Intensive physical therapy (PT), occupational therapy (OT) and psychotherapy can be combined to successfully treat children with fibromyalgia. The treatment can take place without the use of medications and yet still result in significantly reduced pain and improved function. The program, implemented by The Children’s Hospital of Philadelphia (CHOP), is organized around the philosophy that children can heal themselves with tools they learn from therapists.1
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David D. Sherry, MD, section chief of the Division of Rheumatology at CHOP, and colleagues describe their therapy approach in The Journal of Pediatrics in an article published on July 21, 2015. Their study included 64 children with a mean age of 16 years. More than 90% of the children were girls who had a mean duration of symptoms of 21 months. The investigators noted that the study was neither randomized nor controlled. Moreover, the therapy program was individualized to each patient, thus, lasting different lengths of time for each patient. In general, the children received five to six hours of intensive PT/OT daily and at least four hours of psychosocial services per week. The mean duration of the program was 23 days, ±13 days. All children were off pain medicine during the therapy program and for their one-year follow-up.
The mean pain score decreased significantly from program entry to program completion (p=0.001). Moreover, at the one-year follow-up appointment, 33% of patients reported no pain. The Bruininks-Oseretsky Test of Motor Performance, Second Edition (BOT-2), revealed that all measures of function improved significantly by the end of the program and either stayed at that level or continued to improve over the course of a year. When the children were given the Bruce treadmill protocol test, their time increased from 588 seconds to 801 seconds (p<0.001) and then decreased to 750 seconds (p=0.005), which represented the 90th percentile for age and sex. The children also experienced significant improvements on the All Pain Stages of Change Questionnaire, Pediatric Quality of Life Inventory and Teen Report total score.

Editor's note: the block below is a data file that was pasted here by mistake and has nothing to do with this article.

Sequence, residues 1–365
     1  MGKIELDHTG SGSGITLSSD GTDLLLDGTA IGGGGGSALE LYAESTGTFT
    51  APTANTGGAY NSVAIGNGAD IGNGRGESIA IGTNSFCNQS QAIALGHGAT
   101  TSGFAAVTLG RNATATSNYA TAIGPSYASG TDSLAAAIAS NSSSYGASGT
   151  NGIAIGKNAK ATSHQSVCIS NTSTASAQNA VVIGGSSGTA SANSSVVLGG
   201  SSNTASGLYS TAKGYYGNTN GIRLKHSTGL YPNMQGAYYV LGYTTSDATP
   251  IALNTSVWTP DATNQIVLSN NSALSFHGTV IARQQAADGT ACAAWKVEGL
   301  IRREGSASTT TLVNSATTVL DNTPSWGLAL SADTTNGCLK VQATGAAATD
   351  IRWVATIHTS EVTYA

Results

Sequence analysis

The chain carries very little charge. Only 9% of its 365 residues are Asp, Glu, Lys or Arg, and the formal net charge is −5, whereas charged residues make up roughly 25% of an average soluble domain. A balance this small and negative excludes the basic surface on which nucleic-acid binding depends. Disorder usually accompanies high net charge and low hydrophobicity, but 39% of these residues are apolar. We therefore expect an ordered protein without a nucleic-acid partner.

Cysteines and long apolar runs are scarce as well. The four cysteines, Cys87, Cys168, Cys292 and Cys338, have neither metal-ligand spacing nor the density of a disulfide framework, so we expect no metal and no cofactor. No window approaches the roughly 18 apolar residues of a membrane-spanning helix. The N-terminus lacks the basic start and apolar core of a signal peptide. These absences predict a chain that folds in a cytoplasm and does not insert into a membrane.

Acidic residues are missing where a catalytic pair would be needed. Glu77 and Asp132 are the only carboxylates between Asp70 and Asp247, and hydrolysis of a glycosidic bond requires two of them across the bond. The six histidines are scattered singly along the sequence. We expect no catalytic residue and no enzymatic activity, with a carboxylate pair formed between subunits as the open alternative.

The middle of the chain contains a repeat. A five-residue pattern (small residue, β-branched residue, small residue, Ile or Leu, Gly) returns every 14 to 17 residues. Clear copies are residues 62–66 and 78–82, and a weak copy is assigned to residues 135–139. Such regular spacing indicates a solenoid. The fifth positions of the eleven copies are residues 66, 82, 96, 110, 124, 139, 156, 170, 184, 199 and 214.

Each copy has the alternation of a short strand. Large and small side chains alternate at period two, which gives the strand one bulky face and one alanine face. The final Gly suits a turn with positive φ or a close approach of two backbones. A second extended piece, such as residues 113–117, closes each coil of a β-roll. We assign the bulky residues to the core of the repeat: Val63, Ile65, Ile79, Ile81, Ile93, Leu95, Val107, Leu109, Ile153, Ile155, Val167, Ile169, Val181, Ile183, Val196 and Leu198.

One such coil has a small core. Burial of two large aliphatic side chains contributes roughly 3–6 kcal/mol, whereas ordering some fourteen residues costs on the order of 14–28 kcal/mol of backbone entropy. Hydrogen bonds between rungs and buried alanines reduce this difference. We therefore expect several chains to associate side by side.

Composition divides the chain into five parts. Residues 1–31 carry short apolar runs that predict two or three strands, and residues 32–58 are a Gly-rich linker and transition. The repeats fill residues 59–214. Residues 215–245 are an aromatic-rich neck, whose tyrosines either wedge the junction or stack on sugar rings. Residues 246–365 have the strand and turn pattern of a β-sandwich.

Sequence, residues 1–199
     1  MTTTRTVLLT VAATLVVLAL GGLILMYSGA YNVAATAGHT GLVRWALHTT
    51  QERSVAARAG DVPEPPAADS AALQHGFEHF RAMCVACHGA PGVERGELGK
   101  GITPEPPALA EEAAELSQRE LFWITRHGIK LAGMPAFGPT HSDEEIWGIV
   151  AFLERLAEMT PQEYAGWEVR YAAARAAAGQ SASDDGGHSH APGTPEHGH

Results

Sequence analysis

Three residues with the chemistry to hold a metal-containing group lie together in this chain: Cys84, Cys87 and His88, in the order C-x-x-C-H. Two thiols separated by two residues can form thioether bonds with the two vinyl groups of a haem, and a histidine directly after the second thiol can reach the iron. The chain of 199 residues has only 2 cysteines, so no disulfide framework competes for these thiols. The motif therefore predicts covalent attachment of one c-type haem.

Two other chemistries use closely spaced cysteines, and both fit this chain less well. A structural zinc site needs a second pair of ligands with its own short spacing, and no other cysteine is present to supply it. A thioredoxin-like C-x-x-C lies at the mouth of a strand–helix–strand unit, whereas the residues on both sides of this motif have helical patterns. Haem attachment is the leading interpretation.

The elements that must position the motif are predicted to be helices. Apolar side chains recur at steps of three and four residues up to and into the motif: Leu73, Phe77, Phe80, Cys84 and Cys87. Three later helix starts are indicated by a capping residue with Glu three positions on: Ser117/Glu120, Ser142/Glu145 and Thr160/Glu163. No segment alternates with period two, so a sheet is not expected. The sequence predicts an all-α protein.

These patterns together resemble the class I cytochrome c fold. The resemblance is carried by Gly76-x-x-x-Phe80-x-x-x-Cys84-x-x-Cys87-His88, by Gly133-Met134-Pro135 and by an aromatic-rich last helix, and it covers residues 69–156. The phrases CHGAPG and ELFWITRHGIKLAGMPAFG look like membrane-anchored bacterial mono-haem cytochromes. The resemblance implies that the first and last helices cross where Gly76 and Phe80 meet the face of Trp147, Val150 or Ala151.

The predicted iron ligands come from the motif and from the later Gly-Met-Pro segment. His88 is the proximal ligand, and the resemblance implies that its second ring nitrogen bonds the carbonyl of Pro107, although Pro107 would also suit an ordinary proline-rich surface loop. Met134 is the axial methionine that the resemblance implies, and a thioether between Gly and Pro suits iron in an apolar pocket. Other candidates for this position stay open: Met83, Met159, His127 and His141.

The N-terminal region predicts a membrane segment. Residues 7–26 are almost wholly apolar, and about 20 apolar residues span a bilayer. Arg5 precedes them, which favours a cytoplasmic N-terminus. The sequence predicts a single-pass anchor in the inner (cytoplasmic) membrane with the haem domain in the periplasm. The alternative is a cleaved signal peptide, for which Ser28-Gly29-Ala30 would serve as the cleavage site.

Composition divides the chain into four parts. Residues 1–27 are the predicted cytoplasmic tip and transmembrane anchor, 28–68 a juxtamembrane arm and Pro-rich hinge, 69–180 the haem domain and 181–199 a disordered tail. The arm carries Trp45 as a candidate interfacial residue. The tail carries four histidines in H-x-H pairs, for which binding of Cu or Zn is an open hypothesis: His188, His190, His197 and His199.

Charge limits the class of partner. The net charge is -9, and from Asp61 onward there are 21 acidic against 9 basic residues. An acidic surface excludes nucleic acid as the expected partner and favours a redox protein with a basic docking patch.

“Our children with long-standing fibromyalgia exhibited significant improvement in nearly all of the functional and pain measures that we applied. Function, as measured by the FDI [functional disability inventory], went from the moderately disabled category to normal and remained normal for the year after program completion. The BOT-2 battery continued to improve significantly over the one-year period,” wrote the authors.
The patients not only reported less pain one year after program completion, but they also were able to regain normal function and, in some cases, achieve remission. The authors propose that the intensity of the program was critical to its success.